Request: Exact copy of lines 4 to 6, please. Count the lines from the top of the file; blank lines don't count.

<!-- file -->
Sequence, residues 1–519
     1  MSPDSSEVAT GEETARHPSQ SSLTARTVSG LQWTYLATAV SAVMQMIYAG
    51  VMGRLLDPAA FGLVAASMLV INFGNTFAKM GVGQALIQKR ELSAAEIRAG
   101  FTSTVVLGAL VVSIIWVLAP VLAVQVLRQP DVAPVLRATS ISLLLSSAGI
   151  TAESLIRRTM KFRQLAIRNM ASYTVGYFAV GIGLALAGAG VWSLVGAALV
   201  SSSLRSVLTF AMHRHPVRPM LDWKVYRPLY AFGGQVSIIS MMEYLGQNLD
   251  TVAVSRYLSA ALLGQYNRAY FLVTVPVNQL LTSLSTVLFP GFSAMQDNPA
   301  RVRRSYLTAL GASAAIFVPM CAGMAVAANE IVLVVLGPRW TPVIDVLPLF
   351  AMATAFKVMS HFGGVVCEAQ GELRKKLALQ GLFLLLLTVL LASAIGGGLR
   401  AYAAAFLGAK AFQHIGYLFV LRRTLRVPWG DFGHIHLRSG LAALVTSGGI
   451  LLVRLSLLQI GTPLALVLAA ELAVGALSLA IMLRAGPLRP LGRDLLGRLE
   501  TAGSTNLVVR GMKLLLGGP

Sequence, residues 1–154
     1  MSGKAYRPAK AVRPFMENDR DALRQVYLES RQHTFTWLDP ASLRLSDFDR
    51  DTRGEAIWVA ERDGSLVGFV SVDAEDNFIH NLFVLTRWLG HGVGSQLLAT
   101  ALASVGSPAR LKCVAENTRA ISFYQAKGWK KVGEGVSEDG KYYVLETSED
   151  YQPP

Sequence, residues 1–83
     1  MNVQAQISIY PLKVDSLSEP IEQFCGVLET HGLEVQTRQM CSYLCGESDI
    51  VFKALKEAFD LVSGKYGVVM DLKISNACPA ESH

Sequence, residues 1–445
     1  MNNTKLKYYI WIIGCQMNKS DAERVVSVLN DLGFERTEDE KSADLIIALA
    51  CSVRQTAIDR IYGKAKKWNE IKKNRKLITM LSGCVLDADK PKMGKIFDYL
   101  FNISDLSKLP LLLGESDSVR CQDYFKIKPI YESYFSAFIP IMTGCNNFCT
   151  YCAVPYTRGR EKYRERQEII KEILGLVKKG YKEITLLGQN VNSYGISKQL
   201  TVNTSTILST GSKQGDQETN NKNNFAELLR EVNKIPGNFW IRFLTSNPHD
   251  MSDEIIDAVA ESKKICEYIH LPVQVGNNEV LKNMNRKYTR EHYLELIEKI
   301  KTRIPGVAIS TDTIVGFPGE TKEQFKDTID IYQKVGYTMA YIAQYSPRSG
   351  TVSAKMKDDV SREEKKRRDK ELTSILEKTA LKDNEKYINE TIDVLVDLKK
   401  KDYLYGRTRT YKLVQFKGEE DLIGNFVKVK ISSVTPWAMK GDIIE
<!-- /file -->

   101  FTSTVVLGAL VVSIIWVLAP VLAVQVLRQP DVAPVLRATS ISLLLSSAGI
   151  TAESLIRRTM KFRQLAIRNM ASYTVGYFAV GIGLALAGAG VWSLVGAALV
   201  SSSLRSVLTF AMHRHPVRPM LDWKVYRPLY AFGGQVSIIS MMEYLGQNLD